3. Monitoring the costs and benefits continuously. It is important that you pay attention to the costs and benefits of the information as they may change or new knowledge may come to light- check whether or not the information collected and decisions made were definitely the right ones.

In my next post I will elaborate on this topic further.

Reference: Hares & Royle, 1994. Measuring the Value of Information Technology.

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Information Systems in Developing Countries

28 Feb

Information systems have often been addressed with the question of whether they were relevant to developing countries- this has since been answered with a clear yes answer. The IS in question in this article was in relation to Information & Communication Technologies, or ICT’s. The question is now not whether or not they are relevant, but rather if they are beneficial. These information systems have high potential value across all sectors, in both public and private enterprises. Even in health delivery in rural villages, particularly in developing countries.

However, the implementation of these information systems have not always been successful, especially due to the lack of technology and access to these systems. Also, people in developing countries also tend to be unable to use this technology, even if they are lucky enough to have access to it.

Challenges to ICT’s in developing countries include:

  • Promoting cross-cultural working: this mentioned the difficulty in online communication when working with different cultures; those in developing countries. It also addressed the issue of avoiding the culturally inappropriate imposition of IS-some cultures prefer physical and personal communication.
  • Local adaptation and cultivation: trying to introduce the IS to rural villages and making it relevant to the needs of the communities.
  • Focusing on particular groups: While there are some software experts in developing countries such as India, they are still may find it hard to come to terms with the new technology that developed countries may be using.

To successfully introduce information systems to Developing countries and to ensure they create benefits, these issues must be addressed



Why Agile Development came about …..!!!

28 Feb

so my last blog was on the traditional spiral model of developing information systems. as previous blogs have gone through what traditional development is and most traditional methods i.e. SDLC, Waterfall and Spiral , i thought i would do my next blog on agile development. so below you will find all you need to know about Agile development ……hope you enjoy 🙂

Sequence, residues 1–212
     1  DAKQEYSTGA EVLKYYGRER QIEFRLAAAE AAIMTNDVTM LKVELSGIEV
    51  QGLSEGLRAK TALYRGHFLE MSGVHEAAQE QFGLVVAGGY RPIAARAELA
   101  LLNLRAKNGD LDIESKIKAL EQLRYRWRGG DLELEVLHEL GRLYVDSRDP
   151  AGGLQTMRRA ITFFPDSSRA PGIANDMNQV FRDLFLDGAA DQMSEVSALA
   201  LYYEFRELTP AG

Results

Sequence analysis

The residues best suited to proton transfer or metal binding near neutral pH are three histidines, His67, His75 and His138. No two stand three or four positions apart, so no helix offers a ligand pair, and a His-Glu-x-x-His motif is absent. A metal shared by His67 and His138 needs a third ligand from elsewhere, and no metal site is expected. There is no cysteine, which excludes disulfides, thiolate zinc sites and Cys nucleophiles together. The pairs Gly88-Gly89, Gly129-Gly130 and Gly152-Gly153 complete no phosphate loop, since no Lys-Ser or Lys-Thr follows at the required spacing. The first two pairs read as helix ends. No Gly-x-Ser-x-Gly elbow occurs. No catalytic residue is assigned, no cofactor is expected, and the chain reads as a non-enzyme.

what is Agile development …? why do we need it ..?

well when a system is being developed obviously the users give their requirements to the developer, the developer goes away and makes the system and you would think thats all there is to it.

however what if the users come up with new requiremements to put into the system …..the traditional methods of developing I.S. do not allow for change during the process and therefore costs of adding in requirements after the system is already developed are huge.

users want a system specific to them and often they do not always know what they want from the very start …..therefore learning causes change and we cannot avoid it, to combat the cost of change Agile development allows users to change their mind mid-build and still produces an effective system at the end

Agile software development promotes adaptive planning, evolutionary development and delivery, a time-boxed iterative approach, and encourages rapid and flexible response to change.its aim is to develop software in iterations which last1-4weekAgile_Software_Development_methodology.svg

Martin Fowler, Kent Beck, Ward cunningham, ken schwaber and jeff sutherland are just some of the 17 developers,system analysts etc who were known as the agile alliance that in 2001 challenged the typical ideas of systems development and so the Agile Manifesto was created.

  • Individuals and interactions over processes and tools
  • Working software over comprehensive documentation
  • Customer collaboration over contract negotiation
  • Responding to change over following a plan

they were aware that although there is value in the items on the right, the items on the left are far more valuable.

Individuals and interactions. 

when developing a system human interactions are much more important than proccess and tools. if you put people together they will form a close team relationship and figure it out themeselves.

Working software

this is the notion that it shouldn’t take 8-9 months to release a system, instead if everyone works together a prototype could be developed in 1month. there needs to be a frequent ouput of working software, its needs to be simple and the less documentation the better

Customer Collaboration

customer collaboration is essential when developing I.S. after all these are the people who at the end of the day need to be able to use the system. instead of having strict contracts co-operate with customers, deliver software quickly so users can use it ,see it and decide if they want anything else.